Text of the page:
The Stoddard-Dayton Company produced automobiles from 1905 through 1913. The Dayton Ohio based company was formed by John W. and Charles G. Stoddard. John had made his fortune in the agricultural business but by 1904 he decided to move into the ever evolving automobile manufacturing business. Charles was sent to Europe to learn their techniques, designs, and production methods. He returned to America convinced that the gasoline combustion engine was the choice of the future and that the steam and electric vehicles were on the verge of becoming obsolete.
The early Stoddard-Dayton cars were outfitted with Rutenber engines. The Rutenber Motor Company was based in Chicago, Illinois and produced four-cylinder engines that had been designed by Edwin Rutenber. His first engine was a single-cylinder version introduced around 1892. A four-cylinder version was created by 1898.
In 1902 the Rutenber Company was relocated to Logansport. The Auburn Company also outfitted their cars with Rutenber engines until 1923.
By 1907 the Stoddard-Dayton vehicles were being powered by modern six-cylinder engines. This amplified the companies' position of creating quality cars with powerful engines. The entry level vehicles were given 15 to 18 coast of paint while the limousine models featured nearly 30 coast of paint. Each coat of paint was meticulously hand sanded. After the painting process and the car were complete, the cars were driven 150 to 400 miles to verify quality. After this the engines were disassembled and they were re-cleaned and inspected. Then it was re-assembled and another road-test ensued.
The cars were not only top-quality machines; they were also very potent on the race track. The company proudly advertised their many successful sprint races, hill climbs, dir track races, and other sporting accomplishments. In 1909 a Stoddard-Dayton won the first race held at the Indianapolis Motor Speedway after averaging 57.31 mph. In 1911 the first pace car ever for the Indianapolis 500 was a Stoddard-Dayton.
To offer a wider assortment of vehicles, the Courier Car Company was formed in 1909 by Stoddard-Dayton. Their lines of vehicles were smaller and lower-priced versions of their Stoddard-Dayton siblings.
During the early 1910's the Stoddard-Dayton merged with the United States Motor Company. In 1908 the International Motor Company was formed and later renamed to the United States Motor Company in 1910. The company's existence was due to Benjamin Briscoe. The company represented multiple manufacturers, a total of 11 in 1910 including Maxwell, Courier Car Company, Columbia, Stoddard-Dayton, Alden Sampson Trucks, Gray Marine, Brush Motor Car Company and others. Their goal was to help provide and find financial support for small and struggling independent automotive manufacturing companies.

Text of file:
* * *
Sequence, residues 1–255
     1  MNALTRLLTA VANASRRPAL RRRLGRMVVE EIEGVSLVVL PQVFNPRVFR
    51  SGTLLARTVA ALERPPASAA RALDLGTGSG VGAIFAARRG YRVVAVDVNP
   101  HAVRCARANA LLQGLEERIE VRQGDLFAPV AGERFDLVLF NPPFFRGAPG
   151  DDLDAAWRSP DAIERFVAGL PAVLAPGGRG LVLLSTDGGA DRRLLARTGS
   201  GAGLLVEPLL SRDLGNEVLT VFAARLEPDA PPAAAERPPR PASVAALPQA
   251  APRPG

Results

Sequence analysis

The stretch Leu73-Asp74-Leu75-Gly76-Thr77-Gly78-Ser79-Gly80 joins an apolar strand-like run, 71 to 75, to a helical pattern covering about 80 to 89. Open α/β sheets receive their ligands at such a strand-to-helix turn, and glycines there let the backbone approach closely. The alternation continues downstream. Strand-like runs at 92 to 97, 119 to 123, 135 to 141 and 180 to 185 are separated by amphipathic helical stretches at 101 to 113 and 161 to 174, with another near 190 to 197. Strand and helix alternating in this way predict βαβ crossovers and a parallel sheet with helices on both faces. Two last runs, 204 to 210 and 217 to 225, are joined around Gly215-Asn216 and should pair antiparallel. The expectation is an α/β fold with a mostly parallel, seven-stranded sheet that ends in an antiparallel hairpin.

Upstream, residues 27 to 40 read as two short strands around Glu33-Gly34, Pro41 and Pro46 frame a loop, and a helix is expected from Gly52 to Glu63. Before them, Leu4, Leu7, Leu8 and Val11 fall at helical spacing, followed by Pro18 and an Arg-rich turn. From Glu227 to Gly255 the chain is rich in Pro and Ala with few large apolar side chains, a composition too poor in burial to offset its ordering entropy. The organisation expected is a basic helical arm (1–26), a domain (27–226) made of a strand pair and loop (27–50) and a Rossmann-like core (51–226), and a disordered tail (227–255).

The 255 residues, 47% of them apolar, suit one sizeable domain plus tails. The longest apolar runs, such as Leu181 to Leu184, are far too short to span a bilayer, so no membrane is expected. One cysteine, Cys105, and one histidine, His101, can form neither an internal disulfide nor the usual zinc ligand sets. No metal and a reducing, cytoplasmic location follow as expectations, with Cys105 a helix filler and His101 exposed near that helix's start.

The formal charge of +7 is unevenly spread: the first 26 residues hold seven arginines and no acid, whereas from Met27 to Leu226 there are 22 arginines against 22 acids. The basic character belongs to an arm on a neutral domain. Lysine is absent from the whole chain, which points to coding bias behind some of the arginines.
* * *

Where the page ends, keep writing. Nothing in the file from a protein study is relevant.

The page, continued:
By 1912 the United States Motor Company had entered into receivership and by 1913 they were bankrupt. This was also the demise of the Stoddard-Dayton manufacturing company. The Stoddard-Dayton had failed to compete with the low priced, high quality, mass-produced manufacturers such as Ford and General Motors.
The Maxwell Company purchased the assets of the bankrupt Stoddard-Dayton Company and continued to offer the Stoddard-Dayton models 30, 38 and 48 in 1913. Maxwell was later reorganized and became part of the Chrysler Corporation.By Daniel Vaughan | May 2019
Considered to be the most advanced vehicle in the world from the flywheel foreword, the 1911 Stoddard-Dayton was a powerful 50HP car. The Stoddard-Dayton is part of the ‘brass cars' of the early days of motoring as well being considered the first true pace car.
Stoddard – Dayton was a high quality car manufacturer in Dayton Ohio from 1904-1913.
The vehicle was result of a multi-year restoration by Temple Baldwin, considered to be one of America's most talented restorers.
The Stoddard-Dayton had a Dual cam, hemispherical head engine and an overhead valve. The early cars also had 4605cc engines. In 1907 six-cylinder engines began to appear and two years later Stoddard-Dayton formed the Courier Car Co. in Dayton in a effort to produce a lower-priced vehicle, the Courier.
Winning the first race in the Indianapolis Motor Speedway, the Stoddard-Dayton was a legend. This vehicle was also the first ever pace car.
Used extensively as a tour car, the 1911 Stoddard-Dayton was also driven to the AACA National Meet where it received the First Place award.
From there it was driven to the Newport Beach Concourse were it received Second Place.
It went on to receive third place at Pebble beach later that same year.
Much of the history and recognition that surrounds the 1911 Stoddard can be attributed to the publicity stunt performed for the benefit of a large crowd as a marketing campaign.
Well known for ‘product demonstrations' that were sensational and shocking, a Stoddard model was actually pushed off the top of an office building by Carl Fisher. As a result of the deflated tires, the car didn't bounce very high and landed with its shiny side up.
Fisher, the local Indianapolis dealer for Stoddard-Dayton, nonchalantly drove the car away to the delight of the cheering crowd. (Fisher's brother Rolly was responsible for cranking the engine over.) The tires came off the car, and Fisher was left driving on bare rims, but the excited crowd didn't seem to care.By Jessica Donaldson